Book Review: 1984


Your parents complain that Facebook and other online technologies are making the world like, "Big Brother." You might think that they're bashing your uncle, but really they're referring to George Orwell's 1949 novel, 1984. It's a warning that governments could turn into totalitarian states that control all media, education, and societal behavior.

What it's about

Oceania is the distopian oppressive nation of George Orwell's 1984. Don't go there if you're looking for a good time.

Everywhere you go, the ruling Party knows where you are. No matter where you look, you can see the all-powerful face of the ultimate leader, Big Brother. If you like individuality, this isn't the place for you. You can't say what you want to say, love who you want to love, or do the type of job you want to do.

Winston Smith seems like just a low-ranking member of the Party, but secretly, he's a dissident who has committed the most horrible offense possible: a thoughtcrime (thinking something that goes against the Party).

Even as he dutifully performs his job at the Ministry of Truth, Winston is constantly doubting the wisdom of the Party, and, in his mind, defying its rules. He has lustful thoughts about a female co-worker, spends his evenings walking through poor, un-monitored neighborhoods, and questions the facts of history that the Party has so carefully crafted.

For a while, Winston doesn't do anything that the Party can catch, and he stays out of trouble. That changes when he buys a diary and starts cataloging his ideas. With that, he embarks on a dangerous path that ultimately leads to his destruction. In Oceania, we discover, the individual, no matter how determined, is no match for the establishment.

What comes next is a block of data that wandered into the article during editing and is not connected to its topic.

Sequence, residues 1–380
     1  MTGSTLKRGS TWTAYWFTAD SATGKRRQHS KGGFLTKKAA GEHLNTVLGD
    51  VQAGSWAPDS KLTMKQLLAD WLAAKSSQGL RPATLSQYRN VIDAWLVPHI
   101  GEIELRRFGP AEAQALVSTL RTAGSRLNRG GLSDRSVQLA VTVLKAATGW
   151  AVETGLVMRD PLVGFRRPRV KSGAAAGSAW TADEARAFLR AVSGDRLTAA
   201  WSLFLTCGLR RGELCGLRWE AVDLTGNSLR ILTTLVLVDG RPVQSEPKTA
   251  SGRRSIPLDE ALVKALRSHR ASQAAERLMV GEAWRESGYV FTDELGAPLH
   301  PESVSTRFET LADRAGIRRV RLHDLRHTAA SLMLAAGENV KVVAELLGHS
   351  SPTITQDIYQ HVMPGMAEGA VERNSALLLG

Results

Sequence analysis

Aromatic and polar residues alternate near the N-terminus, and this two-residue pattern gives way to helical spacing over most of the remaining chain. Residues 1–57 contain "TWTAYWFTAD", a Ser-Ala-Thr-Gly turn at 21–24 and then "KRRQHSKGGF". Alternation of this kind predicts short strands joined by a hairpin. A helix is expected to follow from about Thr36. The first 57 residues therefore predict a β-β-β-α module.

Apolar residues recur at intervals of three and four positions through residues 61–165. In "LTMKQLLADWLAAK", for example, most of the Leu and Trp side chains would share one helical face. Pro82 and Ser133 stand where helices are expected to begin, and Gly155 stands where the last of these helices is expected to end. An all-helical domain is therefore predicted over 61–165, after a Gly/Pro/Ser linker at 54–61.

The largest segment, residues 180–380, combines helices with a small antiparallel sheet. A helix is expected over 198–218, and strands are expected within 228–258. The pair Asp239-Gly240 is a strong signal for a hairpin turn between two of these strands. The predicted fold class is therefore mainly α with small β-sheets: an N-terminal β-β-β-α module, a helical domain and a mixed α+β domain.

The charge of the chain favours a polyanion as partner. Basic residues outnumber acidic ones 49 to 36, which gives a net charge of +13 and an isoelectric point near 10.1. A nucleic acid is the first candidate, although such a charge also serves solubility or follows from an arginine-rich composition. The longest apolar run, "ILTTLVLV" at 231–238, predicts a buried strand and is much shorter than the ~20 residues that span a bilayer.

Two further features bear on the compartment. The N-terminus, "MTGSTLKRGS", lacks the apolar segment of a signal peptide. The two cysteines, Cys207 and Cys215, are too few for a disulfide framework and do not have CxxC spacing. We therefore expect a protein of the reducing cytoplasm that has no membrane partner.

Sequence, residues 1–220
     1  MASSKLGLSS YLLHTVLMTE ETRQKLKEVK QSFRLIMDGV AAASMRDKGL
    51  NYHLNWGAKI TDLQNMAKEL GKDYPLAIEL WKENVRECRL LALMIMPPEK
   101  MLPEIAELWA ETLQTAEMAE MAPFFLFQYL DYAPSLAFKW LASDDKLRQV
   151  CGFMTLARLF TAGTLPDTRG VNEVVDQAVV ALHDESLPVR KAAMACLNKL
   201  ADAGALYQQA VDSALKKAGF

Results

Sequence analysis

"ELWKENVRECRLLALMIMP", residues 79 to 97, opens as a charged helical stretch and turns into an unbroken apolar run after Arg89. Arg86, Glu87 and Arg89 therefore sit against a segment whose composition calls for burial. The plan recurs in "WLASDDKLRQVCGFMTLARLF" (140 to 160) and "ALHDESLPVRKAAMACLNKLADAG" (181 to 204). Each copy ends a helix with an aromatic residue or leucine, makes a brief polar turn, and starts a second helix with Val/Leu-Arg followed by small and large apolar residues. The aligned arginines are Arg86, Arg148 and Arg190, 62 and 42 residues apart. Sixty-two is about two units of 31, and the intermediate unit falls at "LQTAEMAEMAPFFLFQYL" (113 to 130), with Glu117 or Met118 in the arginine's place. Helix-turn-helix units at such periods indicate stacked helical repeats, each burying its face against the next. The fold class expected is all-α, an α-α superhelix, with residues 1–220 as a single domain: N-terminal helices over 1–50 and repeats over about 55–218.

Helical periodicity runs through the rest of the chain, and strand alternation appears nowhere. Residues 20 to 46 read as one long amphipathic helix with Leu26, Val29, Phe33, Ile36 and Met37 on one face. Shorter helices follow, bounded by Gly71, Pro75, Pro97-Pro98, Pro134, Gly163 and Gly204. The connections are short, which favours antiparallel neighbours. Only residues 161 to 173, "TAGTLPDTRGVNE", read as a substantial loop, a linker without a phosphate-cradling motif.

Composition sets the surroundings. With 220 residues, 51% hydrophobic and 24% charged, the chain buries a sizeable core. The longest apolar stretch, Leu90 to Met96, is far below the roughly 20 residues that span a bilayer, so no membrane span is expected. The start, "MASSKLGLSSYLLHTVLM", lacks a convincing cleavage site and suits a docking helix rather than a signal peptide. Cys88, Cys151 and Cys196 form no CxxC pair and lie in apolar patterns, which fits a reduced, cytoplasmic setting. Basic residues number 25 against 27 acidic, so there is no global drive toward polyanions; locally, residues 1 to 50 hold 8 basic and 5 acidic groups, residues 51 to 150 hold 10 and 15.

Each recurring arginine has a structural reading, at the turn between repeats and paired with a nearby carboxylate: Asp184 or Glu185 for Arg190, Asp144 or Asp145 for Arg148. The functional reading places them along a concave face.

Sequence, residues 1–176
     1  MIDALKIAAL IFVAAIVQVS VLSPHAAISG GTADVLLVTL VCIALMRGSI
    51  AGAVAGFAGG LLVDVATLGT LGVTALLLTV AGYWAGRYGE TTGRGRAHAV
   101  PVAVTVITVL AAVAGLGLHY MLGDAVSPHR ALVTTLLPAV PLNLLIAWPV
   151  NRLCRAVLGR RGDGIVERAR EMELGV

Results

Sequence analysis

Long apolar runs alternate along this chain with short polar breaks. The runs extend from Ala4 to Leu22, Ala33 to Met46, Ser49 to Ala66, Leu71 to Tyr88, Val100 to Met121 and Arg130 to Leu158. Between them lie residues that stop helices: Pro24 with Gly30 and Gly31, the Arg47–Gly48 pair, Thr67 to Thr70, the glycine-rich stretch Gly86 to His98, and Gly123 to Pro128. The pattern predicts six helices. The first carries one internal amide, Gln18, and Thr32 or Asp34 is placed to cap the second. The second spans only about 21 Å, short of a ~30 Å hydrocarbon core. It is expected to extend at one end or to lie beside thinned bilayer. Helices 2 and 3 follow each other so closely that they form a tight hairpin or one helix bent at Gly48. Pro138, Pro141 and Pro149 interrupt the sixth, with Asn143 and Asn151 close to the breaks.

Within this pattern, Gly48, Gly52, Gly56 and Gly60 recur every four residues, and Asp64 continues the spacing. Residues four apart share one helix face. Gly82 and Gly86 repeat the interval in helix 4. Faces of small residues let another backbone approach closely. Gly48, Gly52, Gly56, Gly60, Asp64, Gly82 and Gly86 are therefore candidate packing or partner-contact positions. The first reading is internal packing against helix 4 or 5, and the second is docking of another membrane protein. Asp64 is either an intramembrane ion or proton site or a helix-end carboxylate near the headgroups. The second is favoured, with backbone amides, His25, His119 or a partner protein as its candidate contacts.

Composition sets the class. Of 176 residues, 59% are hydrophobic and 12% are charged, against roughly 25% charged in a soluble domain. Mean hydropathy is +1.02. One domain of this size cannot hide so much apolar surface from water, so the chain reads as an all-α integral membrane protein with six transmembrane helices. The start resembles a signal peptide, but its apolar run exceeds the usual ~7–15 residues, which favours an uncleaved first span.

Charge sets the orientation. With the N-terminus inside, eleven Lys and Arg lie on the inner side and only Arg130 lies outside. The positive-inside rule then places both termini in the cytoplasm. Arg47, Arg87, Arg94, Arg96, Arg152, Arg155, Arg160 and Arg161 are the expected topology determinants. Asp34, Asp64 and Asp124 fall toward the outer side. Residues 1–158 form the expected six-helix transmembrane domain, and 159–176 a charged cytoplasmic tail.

Your favorite part will be...

Fellow Oceania citizen Julia slips Winston a note that reads, "I love you," their covert romance begins. You feel happy that they have found each other against the odds, and that they are able to find some comfort in such a dreary world. Together, they even manage to contact O'Brien, a Party insider, and learn more about the secret political resistance movement.

Unfortunately, O'Brien turns out not to be who he seems and the relationship does not last long. As we know well by now, it's hard to keep something a secret in Oceania.

The Cause-y Angles

Human rights

When Winston enters the Ministry of Love, he is tortured for what seems like an eternity until he finally cracks. Though 1984 is fiction, people in the real world are treated similarly in some countries. George Orwell's book serves as a condemnation of any country or group that would engage in this treatment.


The government is pushes a new language, called Newspeak, that limits peoples' vocabulary and makes it impossible to talk about anything that goes against its interests. The government also attempts to re-write history and block people from reading or learning about anything outside of what has been prescribed. Orwell is saying that an oppressive regime's most effective way of maintaining power is by depriving people of a real education.


In Oceana, the people have no way to choose their leaders or influence what those leaders do. There is one executive power and one party, and no other options. Voting is non-existent. By showing this type of society as oppressive, 1984 stands as a strong endorsement of a society that allows freedom and choice of political representation.